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Dani Snyder-Young is an artist, author, and Assistant Professor in the Department of Theatre at Northeastern University. A director by trade, she uses teaching as an organic extension of the collaborative drive that is theatre-making. By leading collaborative teams through problem-solving, she helps Theatre students become artistic collaborators in the classroom—and in production.

With a new semester just getting underway, we caught up with Professor Snyder-Young to find out more about what makes studying Theatre at Northeastern so unique. The major distinction: in CAMD, the Department of Theatre teaches a number of skills that can be applied to other majors. Students gain transferable knowledge that can be applied to an abundance of career paths, including both traditional and non-traditional theatre roles. Theatre students can carve any path they wish within the Department by asking themselves what they want to gain from theatre and how it relates to their own lives.

The Department of Theatre utilizes theatre practices to teach all students collaborative creative problem-solving, professional presentation and communication, the empathy required in active listening, and the charisma to be able to stand up and run a room. All of these skills are necessary for a wide variety of industries—including, of course, the theatre industry itself—but can be taught in a unique and effective way using theatre methods. For example, an aspiring entrepreneur can learn the quick thinking that comes through improvisation and the charisma that comes from being a performer (or, see how Northeastern Computer Science majors are engaging with the Department of Theatre in this feature in the Chronicle of Higher Education).

Still, there are a number of students who use their Theatre degree towards the more traditional theatre route, such as alumna Christine Chen who is a working actor and playwright in NYC. Another example is alumnus Pablo Hernandez Basulto, who developed skills at Northeastern through classes such as Activism & Performance and Theatre & Society and through work in the department production season as a stage manager, actor, and director. He also worked beside Professor Snyder-Young as a Research Assistant and did co-ops focusing on arts-based community engagement, which helped launch him into a career with The Public Theatre as a Public Works National Associate, where he uses theatre and performance for community building in collaboration with acclaimed artists.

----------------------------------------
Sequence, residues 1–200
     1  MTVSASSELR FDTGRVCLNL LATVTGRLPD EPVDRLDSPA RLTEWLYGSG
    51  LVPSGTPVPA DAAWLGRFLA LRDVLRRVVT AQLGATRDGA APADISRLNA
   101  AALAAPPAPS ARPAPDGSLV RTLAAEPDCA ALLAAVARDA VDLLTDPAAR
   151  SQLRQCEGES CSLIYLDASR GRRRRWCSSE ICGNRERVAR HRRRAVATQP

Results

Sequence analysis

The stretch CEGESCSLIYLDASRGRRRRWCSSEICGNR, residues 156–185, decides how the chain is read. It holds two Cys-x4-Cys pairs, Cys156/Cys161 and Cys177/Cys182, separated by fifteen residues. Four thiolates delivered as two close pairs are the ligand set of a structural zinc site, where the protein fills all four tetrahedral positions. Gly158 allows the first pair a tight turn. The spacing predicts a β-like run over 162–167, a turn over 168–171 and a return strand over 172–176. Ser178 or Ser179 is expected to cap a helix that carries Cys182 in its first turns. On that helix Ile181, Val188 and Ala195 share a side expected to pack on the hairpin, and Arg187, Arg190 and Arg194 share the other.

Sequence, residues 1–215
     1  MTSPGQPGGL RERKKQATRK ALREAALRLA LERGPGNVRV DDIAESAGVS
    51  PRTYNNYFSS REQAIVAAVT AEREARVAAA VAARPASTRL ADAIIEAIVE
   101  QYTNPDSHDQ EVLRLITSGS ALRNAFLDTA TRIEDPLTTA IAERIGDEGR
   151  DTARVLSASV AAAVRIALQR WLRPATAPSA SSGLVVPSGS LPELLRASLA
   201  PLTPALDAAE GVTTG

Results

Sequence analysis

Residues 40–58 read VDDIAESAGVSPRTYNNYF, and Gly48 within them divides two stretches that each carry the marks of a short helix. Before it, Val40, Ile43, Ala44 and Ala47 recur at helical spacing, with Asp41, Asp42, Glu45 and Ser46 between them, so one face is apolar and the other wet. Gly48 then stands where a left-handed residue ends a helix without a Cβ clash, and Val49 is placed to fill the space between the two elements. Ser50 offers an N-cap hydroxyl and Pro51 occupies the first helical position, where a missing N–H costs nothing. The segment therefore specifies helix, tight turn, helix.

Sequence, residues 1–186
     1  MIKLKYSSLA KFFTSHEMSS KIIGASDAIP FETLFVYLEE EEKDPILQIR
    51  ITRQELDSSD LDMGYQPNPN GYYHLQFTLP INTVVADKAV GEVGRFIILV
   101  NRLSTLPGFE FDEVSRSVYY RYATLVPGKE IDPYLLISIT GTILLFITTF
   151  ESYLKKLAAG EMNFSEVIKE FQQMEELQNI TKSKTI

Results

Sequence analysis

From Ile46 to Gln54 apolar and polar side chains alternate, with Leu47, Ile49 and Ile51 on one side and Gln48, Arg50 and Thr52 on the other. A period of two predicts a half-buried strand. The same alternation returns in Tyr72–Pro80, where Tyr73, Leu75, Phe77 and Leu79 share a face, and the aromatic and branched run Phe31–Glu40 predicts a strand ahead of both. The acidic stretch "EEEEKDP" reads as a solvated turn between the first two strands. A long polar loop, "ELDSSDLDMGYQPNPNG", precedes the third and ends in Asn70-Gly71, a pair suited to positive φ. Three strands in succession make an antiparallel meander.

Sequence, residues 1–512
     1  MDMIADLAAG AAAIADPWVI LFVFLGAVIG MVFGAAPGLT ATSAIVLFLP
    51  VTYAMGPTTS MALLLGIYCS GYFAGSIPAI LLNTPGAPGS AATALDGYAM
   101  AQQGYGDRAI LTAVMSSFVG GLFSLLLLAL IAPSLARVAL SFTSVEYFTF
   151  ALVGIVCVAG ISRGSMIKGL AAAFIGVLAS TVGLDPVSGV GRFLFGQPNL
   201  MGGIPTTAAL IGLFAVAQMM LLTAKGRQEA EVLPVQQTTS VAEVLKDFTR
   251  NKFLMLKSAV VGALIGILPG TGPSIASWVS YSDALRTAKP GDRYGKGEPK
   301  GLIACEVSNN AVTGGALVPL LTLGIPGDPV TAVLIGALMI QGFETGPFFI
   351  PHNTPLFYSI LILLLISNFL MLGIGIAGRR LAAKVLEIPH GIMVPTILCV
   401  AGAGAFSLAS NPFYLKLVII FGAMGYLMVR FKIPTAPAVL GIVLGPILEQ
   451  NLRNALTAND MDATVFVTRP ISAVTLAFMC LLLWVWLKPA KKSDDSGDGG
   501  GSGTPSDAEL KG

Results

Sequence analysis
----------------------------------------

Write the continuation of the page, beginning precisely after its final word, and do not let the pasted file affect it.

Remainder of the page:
When asked about what advice Professor Snyder-Young would offer to prospective Northeastern Theatre students, she said, “Don’t be intimated and don’t be afraid to get involved and ask questions.”

At Northeastern University, the Theatre faculty is fully accessible with close and collaborative relationships with our students. We’re easy to get to know and we’re interested in getting to know students.

“Anybody who wants to come and play in our sandbox, we’re happy to play with them,” she added.

Theatre students are given all of the resources needed to thrive in the industry and connect what they are learning to other disciplines, as well. Alongside the co-op experience, students are empowered to blaze their own path through Northeastern’s flexible program of courses, with the option to transfer those skills into different industries.

Professor Snyder-Young explained, “a lot of our Theatre students will do a co-op in a theatre industry setting and then in another industry setting to see how it fits. Students let those experiences inform their trajectory. We have students who go either way, but they have those opportunities through access to advising and Theatre faculty throughout these learning experiences.”

“Northeastern is so distinct because the theatre department is pretty porous. Artistically, we have this robust world of student clubs that is part of the Theatre ecosystem that centers student-created work and the voices of students,” Professor Snyder-Young concluded. “Northeastern’s Theatre department allows students to activate their versatile aesthetic and cultural interests through performance—at a lot of different levels of commitment.”